If you're into categories, compartments, and labels, this '49 Cadillac Sedanette is going to make your head hurt. If you take a close look at these photos and keep reading this article, it's going to become obvious right away that this spectacular car challenges quick and easy descriptions and defies all of the standard custom classifications.
Let's go down the list. Traditional custom: not so much. Mild custom: The high-tech engine compartment eliminates that pretty fast. High-tech: The virtually unmodified body and nostalgia-influenced interior don't fit in that category.
If you have to call it something, call it a concept. The car was built by Rob Ida Concepts in organville, New Jersey.Shop owner Rob Ida has been building magazine-quality cars since before he was old enough to drive-not surprising if you know that his father, Bob Ida, has been building cars for 50 years and has been involved in practically every corner of the high-performance hobby.
Fred digiovanni is the owner of the Cadillac. He started the hunt for a '49 Sedanette two years ago. This car turned up in Florida as a welldone restoration with only 25,000 original miles on it.
Fred is a longtime Cadillac aficionado who did not want radical modifications made to the body. When he delivered the car to Morganville, he and Rob agreed that Harley earl's classic styling should be respected, right down to every piece of the intact factory chrome trim. and, since the original body lines were also being left intact, they chose a paint scheme that would show them off. The two-tone finish is not only elegant in its own right, it also follows the car's natural lines and makes the whole thing look even lower, longer, and sleeker. of course, the effect wouldn't have worked without the dropped stance provided by an upgraded independent front suspension and four-corner airbags.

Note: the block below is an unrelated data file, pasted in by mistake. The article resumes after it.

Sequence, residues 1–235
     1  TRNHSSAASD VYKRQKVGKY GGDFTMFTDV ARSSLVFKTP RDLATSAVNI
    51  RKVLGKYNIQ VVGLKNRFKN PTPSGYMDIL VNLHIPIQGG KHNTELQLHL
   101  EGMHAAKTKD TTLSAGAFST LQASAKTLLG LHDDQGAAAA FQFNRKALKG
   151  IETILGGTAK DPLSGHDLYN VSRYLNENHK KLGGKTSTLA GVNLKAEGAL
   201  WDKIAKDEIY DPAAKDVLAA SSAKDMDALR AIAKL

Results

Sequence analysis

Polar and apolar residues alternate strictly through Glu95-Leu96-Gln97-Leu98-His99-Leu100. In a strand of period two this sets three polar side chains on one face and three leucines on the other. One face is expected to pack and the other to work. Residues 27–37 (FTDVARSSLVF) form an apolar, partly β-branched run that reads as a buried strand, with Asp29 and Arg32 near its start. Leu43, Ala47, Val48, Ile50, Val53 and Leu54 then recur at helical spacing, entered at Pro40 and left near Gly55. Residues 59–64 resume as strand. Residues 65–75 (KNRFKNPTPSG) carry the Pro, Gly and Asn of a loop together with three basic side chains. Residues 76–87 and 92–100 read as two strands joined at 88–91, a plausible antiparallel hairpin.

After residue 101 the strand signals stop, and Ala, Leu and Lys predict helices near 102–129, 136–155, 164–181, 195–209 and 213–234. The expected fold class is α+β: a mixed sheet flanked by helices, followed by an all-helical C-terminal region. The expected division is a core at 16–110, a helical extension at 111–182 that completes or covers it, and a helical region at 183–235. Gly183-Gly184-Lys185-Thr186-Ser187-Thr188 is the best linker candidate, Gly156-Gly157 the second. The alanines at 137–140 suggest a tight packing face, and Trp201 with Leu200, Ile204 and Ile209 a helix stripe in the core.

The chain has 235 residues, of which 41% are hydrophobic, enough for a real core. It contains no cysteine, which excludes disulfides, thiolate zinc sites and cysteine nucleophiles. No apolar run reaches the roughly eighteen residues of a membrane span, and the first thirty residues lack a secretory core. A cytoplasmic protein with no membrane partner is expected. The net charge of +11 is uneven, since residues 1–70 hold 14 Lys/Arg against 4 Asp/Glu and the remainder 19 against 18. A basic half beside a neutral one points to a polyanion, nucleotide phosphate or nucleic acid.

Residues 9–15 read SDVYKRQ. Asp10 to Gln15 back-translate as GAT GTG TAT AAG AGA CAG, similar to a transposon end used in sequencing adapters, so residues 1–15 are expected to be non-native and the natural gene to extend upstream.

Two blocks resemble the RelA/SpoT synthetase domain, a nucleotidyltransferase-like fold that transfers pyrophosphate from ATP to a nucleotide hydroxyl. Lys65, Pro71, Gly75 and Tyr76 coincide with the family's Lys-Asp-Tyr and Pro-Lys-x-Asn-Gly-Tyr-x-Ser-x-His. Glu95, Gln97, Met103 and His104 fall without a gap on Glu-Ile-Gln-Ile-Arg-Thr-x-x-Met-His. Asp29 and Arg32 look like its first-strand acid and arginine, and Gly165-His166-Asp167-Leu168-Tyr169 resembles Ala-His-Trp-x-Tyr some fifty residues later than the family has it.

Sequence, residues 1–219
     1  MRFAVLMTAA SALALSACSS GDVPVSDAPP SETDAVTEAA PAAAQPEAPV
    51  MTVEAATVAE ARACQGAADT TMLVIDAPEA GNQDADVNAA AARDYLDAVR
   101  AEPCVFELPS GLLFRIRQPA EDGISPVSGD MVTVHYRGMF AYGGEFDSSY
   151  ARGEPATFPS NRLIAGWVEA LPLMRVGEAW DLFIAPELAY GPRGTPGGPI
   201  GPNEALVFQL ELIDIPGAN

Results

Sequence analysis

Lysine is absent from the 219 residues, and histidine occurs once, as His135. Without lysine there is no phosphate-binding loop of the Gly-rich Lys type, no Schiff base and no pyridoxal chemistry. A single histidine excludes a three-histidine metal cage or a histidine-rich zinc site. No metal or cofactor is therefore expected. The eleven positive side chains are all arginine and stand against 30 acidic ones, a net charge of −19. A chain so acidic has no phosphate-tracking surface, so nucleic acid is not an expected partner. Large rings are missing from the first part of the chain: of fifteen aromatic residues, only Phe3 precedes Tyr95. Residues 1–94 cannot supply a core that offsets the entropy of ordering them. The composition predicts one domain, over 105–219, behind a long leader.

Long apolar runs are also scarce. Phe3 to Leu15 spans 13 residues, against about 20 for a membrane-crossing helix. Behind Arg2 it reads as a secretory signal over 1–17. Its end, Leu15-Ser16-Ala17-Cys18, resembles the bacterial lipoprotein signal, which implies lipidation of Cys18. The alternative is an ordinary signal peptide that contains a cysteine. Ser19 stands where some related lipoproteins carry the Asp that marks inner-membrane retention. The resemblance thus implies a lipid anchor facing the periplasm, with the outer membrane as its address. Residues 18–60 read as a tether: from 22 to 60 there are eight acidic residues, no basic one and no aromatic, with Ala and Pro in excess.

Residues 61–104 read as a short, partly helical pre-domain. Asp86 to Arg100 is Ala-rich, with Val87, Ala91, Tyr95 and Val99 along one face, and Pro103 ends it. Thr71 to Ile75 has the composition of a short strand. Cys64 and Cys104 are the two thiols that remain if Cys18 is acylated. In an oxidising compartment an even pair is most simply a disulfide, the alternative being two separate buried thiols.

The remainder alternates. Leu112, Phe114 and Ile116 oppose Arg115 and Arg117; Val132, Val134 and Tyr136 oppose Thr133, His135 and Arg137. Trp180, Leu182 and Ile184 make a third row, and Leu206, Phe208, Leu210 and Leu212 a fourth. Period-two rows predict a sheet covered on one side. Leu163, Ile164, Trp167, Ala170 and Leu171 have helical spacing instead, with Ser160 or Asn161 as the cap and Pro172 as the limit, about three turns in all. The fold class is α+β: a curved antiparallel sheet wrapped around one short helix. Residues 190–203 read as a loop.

The concept doesn't stop on the outside. Instead of disguising the interior as a brand-new luxury car, Fred wanted to honor the car's heritage by following the style of a 60-year-old luxury car. Original items, such as the power windows and speedometer, were kept wherever possible but upgraded with modern technology. It looks old and works new. Where aftermarket items were necessary, they were chosen for the right retro styling.
Just when you think you've got the Caddy categorized, Rob surprises you with an engine compartment full of extensive sheetmetal fabrication and a high-performance Cadillac CTS-V engine (basically Cadillac's version of the Corvette LS6). Rob said he and Fred considered something more traditional to match the style of the car but chose something more contemporary to match Fred's plans for driving the car.
Driving the car?! There goes another snap judgment out the window. We expected to hear the Cadillac was destined for a pampered life of car-show celebrity. uh-uh, says Rob. Fred has a lot of miles to put on his low-mileage custom and intends to keep it on the street as much as he can. How's that for a concept?